Still, in its responses to the D.C. Council’s Committee on Transportation and the Environment, DPW said it is addressing complaints about under-enforcement of parking in certain neighborhoods.

The department has officers assigned to geographic areas, but also responds to complaints about violations that are submitted by the public.

Some of those include regular complaints about cars and trucks stopped in bike lanes. The number of tickets for blocking bike lanes has been declining significantly though.

In the 2017 budget year, 3,218 citations were written for blocking bike lanes. That dropped to 1,723 in the 2018 budget year.

The number of cars booted in the District has declined significantly since 2017 when 9,292 cars had the punishment slapped on. In the last full budget year, 4,301 cars were booted. In the first few months of this budget year, 196 cars were booted.

See all the numbers.

DC Government Racked up $324 Million in Tickets Last Year

by Sean Riley


Drivers on D.C. roads racked up $324 million in tickets last year, and Maryland drivers ended the year with the most money unpaid.

Between Sept. 30, 2017 and Sept. 30, 2018, more than 1 million tickets were issued in the District through speed and red light cameras. About 33,000 of them were dismissed after a challenge.

The D.C. Department of Motor Vehicles processed a total of 2,719,600 citations in the 2018 budget for speed and red light camera tickets, moving violations and parking tickets, according to oversight responses provided to the D.C. Council ahead of a Thursday hearing.

That is a slight increase from the preceding year, when the value of processed citations was $306,712,186.

In the first four months of the current budget year — October through January — the DMV processed 901,881 citations worth $99,758,342.

Of that, $41,068,367 was collected before the tickets were sent to collections, where $9,548 have been collected. As of the end of January, $56,800,374 remained outstanding.

In the full year that ended Sept. 30, the department collected $156,072,848 before tickets were sent to collections where $35,174,148 was collected, but $139,281,885 remained unpaid.

Overall, D.C. residents had $28,615,543 in outstanding tickets from the 2018 fiscal year. Virginia residents owed $31,512,322. Maryland residents owed $59,662,386. People with cars registered in other states owed $19,491,634.

Maryland residents had, by far, the largest value of unpaid tickets in the previous budget year and again so far in the current budget year.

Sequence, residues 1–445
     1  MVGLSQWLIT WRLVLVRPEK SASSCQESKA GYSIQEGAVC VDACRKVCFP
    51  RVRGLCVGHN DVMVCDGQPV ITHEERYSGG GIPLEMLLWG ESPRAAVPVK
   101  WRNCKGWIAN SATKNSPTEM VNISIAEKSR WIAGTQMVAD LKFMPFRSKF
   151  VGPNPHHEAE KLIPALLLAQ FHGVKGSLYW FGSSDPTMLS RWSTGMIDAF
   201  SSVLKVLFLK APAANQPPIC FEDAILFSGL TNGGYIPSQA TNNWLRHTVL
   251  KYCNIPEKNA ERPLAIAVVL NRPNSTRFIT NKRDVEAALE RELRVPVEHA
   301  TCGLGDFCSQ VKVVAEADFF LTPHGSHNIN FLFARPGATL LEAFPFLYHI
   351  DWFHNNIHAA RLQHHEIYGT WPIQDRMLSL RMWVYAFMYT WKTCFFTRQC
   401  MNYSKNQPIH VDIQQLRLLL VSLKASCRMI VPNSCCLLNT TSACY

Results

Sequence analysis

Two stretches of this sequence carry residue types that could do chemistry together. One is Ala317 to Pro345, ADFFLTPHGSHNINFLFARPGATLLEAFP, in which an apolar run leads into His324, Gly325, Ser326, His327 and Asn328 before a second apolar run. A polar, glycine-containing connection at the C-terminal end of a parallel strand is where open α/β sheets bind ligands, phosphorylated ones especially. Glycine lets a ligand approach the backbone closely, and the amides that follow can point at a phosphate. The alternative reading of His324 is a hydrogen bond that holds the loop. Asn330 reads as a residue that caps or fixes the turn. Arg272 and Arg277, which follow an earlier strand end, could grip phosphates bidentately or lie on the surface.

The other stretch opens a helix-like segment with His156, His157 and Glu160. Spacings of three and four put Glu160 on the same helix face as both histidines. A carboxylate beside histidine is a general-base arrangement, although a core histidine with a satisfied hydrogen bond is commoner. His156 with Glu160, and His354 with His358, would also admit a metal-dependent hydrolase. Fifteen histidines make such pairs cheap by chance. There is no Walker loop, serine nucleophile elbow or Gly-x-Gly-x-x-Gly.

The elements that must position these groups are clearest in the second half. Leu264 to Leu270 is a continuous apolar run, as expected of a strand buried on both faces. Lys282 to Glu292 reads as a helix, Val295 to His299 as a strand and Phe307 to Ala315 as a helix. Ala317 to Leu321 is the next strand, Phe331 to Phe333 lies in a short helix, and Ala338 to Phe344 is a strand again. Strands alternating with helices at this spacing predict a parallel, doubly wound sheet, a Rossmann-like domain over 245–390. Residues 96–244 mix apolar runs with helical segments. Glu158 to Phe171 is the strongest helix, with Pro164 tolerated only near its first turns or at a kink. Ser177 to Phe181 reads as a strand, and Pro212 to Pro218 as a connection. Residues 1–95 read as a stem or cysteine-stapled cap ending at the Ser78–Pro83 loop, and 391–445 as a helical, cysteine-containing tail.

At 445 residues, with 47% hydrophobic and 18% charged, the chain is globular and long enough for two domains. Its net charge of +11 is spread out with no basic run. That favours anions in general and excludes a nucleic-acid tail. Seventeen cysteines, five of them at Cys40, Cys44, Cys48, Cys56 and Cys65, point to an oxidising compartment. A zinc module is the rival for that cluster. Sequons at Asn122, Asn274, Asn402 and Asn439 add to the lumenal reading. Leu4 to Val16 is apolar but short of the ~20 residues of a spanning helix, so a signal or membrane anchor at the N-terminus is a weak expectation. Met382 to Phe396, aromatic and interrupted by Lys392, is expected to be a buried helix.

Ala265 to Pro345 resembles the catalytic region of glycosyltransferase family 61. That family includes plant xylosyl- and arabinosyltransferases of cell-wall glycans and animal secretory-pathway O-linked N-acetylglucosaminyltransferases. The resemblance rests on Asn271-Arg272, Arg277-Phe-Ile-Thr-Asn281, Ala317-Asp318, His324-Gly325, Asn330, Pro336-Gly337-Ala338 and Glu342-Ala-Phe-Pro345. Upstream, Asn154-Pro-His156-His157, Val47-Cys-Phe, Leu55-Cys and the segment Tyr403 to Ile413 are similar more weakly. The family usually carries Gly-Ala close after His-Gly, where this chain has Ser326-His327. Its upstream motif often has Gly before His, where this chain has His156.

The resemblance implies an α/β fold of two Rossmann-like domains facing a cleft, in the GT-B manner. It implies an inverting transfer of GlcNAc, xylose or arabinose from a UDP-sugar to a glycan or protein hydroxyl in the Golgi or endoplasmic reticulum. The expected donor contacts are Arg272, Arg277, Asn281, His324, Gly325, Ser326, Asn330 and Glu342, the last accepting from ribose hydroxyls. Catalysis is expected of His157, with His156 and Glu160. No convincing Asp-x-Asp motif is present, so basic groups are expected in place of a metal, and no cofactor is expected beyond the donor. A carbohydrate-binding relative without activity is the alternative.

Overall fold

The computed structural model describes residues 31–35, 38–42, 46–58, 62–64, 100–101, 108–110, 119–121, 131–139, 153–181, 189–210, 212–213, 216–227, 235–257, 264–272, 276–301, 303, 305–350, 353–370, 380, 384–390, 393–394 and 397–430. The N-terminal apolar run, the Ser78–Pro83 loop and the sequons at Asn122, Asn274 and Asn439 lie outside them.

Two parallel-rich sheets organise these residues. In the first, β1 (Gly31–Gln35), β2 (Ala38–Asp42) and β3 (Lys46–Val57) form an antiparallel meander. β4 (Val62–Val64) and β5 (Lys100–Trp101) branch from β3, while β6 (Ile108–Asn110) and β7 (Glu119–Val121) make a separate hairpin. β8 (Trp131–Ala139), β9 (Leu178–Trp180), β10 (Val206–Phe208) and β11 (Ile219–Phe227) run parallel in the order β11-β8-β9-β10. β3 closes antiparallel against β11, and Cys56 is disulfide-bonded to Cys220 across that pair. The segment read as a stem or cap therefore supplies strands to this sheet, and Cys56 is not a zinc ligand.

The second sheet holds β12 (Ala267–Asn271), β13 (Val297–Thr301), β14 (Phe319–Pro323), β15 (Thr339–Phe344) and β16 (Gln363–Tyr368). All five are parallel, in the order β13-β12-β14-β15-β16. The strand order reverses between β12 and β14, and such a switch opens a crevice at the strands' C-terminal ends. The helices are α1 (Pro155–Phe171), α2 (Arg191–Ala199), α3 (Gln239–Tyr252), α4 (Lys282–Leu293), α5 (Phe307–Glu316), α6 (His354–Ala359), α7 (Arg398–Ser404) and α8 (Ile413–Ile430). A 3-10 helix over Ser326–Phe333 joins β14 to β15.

The fines double for nearly half of all parking tickets, since fewer than 60 percent of drivers pay those tickets or challenge them within the first 30 days. About 85 percent of drivers pay or challenge the ticket within 60 days.

“DMV believes the current process is more than adequate for customers to be aware of receiving parking tickets,” the responses to the Committee on Transportation and the Environment said.

Drivers can sign up to get emails or texts when their cars gets tickets and when the car might be booted.

How to beat a ticket

In the last full budget year, 160,625 drivers challenged their tickets. At least 54,928, or about one in three, were successful. There were 75,371 cases still pending at the end of September.

The most common reason a ticket was dismissed was not due to an appeal, but because the District writes off any unpaid tickets that are more than 15 years old.

The most successful challenges on the merits of a ticket were the following:

Multiple vehicles were in a photo used to generate a camera ticket (12,585 last year);

  • The driver had a Parkmobile receipt to show he had paid for parking (7,253);

  • Residential overnight parking exemption documentation (3,767);

  • An officer did not appear to defend the ticket (3,184);

  • The image used for a photo enforcement ticket was poor (6,903).

The number of tickets successfully challenged with proof of parking payment appears to be rising this budget year, with 5,742 dismissed on those grounds in the first four months.

Thousands of tickets are written off each year because they are submitted for processing too late.

That does not include about 72,000 tickets that had adjudication requests pending for months until those requests were discovered floating in the ether in June and were only then added to hearing dockets.

The city is currently reviewing whether parking ticket adjudication should remain a responsibility of the Department of Motor Vehicles, with a report delayed until April due to “stalled agency discussions.”